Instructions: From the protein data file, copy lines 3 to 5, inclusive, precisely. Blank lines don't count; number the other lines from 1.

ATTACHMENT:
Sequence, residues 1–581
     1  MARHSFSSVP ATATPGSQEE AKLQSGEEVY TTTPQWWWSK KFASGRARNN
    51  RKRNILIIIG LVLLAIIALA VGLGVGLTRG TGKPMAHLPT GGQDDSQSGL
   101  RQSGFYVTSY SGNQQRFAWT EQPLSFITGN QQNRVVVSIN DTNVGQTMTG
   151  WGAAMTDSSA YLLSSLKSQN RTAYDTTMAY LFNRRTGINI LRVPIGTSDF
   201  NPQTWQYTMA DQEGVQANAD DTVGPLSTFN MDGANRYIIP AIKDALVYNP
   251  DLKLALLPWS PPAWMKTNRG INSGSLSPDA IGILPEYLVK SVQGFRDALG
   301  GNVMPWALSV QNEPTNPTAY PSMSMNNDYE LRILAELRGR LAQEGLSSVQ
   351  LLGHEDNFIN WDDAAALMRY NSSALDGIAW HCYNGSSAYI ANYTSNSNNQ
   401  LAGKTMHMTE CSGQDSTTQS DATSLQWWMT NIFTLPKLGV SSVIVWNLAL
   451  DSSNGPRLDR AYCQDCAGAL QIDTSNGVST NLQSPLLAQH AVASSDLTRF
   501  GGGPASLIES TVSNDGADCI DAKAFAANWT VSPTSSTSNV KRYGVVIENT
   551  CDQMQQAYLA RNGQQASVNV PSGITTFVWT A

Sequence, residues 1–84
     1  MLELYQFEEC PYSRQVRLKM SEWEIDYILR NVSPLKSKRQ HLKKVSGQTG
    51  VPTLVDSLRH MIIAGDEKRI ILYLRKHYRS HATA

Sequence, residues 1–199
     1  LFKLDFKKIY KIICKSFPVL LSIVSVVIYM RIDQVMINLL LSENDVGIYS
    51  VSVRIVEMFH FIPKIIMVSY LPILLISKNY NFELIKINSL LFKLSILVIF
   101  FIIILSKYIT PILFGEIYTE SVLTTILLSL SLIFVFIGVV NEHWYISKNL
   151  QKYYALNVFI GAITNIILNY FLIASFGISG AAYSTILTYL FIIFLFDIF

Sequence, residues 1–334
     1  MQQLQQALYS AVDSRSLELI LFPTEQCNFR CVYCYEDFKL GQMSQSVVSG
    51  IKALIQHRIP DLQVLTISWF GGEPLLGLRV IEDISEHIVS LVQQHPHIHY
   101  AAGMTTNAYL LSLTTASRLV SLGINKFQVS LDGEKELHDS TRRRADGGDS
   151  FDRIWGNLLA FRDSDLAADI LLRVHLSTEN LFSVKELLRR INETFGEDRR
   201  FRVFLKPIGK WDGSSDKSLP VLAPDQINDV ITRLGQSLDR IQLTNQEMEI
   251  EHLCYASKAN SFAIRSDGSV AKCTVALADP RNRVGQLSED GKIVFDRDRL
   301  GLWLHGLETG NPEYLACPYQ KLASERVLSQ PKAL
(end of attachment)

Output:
    51  RKRNILIIIG LVLLAIIALA VGLGVGLTRG TGKPMAHLPT GGQDDSQSGL
   101  RQSGFYVTSY SGNQQRFAWT EQPLSFITGN QQNRVVVSIN DTNVGQTMTG
   151  WGAAMTDSSA YLLSSLKSQN RTAYDTTMAY LFNRRTGINI LRVPIGTSDF